Sat, 21 May 2022

NAIROBI, May 12 (Xinhua) -- African policymakers kicked off a three-day conference in the Kenyan capital Nairobi on Thursday with stakeholders seeking solutions to affordable housing and promoting decent housing to spur economic growth in the continent.

The meeting, which brought together more than 500 participants from more than 25 countries in Africa is focusing on the urgent need for sustainable and innovative solutions that don't leave vulnerable groups behind.

In his opening remarks, James Macharia, Kenya's cabinet secretary for transport, infrastructure, housing and urban development said that Nairobi is working with the private sector to make affordable housing projects work well, for the benefit of its citizens.

Macharia called for cohesion between the public and private sectors to adopt and implement affordable housing solutions for marginalized communities to enhance the quality of life for humanity.

Organized by Habitat for Humanity in collaboration with partners that include UN-Habitat, the event is part of a global series of regional housing forums where housing experts, policymakers, industry leaders, international non-profit organizations, and other major stakeholders engage collaboratively to promote affordable housing.

Oumar Sylla, Director for Regional Office for Africa at UN-Habitat, said the provision of affordable land and housing at scale remains a challenge to most countries, especially those in Africa.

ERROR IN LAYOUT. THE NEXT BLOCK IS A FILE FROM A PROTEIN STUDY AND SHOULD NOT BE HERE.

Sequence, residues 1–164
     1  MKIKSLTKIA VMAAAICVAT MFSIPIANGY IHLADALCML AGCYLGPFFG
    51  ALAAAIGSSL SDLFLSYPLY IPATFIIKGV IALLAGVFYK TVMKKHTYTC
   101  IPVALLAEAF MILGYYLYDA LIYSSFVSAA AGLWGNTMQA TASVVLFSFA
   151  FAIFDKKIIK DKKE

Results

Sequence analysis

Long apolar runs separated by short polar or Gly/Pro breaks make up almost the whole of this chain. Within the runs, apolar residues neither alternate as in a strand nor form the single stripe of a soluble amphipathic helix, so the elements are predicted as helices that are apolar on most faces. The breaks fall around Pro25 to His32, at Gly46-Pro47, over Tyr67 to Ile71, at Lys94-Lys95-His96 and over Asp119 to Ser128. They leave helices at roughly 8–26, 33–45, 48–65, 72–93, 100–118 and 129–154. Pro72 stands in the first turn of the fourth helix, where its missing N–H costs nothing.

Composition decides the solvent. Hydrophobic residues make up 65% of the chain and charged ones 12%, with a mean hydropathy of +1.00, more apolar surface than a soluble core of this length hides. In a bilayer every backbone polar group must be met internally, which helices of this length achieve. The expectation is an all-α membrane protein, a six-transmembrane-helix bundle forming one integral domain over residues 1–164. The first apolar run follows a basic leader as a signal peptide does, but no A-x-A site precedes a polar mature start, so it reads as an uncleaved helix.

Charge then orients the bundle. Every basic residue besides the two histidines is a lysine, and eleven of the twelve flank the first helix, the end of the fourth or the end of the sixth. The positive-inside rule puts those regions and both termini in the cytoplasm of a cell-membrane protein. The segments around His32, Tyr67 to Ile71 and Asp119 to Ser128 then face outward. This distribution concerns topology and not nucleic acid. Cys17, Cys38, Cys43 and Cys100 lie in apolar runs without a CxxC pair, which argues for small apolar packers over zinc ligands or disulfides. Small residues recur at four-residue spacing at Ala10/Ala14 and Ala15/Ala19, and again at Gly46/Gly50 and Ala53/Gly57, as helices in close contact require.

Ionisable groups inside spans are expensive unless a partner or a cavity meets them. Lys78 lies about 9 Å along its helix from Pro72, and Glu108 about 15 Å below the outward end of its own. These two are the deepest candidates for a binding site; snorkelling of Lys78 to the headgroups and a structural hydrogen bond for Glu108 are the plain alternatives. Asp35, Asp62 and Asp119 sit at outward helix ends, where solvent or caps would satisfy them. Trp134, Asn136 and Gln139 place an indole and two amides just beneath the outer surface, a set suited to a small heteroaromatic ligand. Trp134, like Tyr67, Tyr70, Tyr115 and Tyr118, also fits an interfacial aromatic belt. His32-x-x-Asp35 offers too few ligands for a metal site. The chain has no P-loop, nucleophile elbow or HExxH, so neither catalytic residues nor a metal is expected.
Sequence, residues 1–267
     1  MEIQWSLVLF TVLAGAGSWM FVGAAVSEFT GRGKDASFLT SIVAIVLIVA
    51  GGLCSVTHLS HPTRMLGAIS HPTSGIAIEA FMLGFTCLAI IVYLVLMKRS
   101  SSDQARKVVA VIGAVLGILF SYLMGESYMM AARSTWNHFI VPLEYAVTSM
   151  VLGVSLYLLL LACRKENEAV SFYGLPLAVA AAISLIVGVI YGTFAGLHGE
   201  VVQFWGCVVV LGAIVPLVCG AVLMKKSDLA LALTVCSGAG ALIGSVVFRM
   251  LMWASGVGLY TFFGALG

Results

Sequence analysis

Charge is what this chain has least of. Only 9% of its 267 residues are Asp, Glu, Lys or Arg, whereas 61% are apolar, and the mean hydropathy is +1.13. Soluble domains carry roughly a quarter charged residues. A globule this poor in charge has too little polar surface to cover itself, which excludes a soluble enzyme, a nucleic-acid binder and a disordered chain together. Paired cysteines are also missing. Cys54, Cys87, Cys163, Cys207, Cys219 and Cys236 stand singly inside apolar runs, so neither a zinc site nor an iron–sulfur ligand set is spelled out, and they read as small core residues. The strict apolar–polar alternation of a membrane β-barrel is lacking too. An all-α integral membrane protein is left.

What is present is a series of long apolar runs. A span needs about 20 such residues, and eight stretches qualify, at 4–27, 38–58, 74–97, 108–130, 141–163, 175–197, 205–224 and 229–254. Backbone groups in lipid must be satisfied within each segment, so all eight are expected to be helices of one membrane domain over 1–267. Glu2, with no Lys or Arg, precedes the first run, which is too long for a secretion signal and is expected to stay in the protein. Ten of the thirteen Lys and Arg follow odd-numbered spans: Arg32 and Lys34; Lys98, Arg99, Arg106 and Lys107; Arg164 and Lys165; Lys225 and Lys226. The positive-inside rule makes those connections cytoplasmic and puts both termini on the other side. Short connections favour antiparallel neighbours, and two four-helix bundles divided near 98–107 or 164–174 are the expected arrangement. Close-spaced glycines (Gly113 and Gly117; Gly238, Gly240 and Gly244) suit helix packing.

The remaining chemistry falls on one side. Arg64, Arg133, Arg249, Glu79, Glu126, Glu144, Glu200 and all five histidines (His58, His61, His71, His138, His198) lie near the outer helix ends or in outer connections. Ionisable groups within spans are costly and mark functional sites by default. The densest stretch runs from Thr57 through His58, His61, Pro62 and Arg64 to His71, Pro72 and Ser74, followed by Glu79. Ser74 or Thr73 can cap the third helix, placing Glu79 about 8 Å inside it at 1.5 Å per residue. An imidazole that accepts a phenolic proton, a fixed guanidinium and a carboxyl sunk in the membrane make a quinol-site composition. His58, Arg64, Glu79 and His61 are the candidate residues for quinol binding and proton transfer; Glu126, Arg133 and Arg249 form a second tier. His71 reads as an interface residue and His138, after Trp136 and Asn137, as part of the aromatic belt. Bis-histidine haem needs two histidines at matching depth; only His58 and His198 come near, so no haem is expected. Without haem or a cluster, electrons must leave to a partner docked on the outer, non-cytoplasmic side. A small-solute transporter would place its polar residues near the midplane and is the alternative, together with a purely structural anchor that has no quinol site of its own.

Sylla said while the continent is the most rural region in the world, it is urbanizing fast, straining affordable urban land and housing provision in the coming decades.

"Scaling up affordable housing provision has the potential to contribute to national economies, create jobs, improve the construction industry, and improve the living conditions for the health and wellbeing of all Africans," he told participants.

The conference comes as Africa grapples with an acute housing shortage sparked by urbanization and population growth, leaving governments to struggle to meet the increasing demand for affordable housing.

According to Habitat for Humanity, many of the 40,000 people moving to African cities every day cannot afford basic formal housing or access mortgage loans.

Maurice Makoloo, Habitat for Humanity's Vice President for Africa said it was critical to recognize housing as a human right, noting that the protection of the human right to housing should always be a priority placed above the use of housing as a commodity.

"We are incredibly grateful for the forum turnout, as it is the stakeholders gathered here this week who, in the months and years ahead, will help address the large gaps in affordable housing in Africa," Makoloo added.

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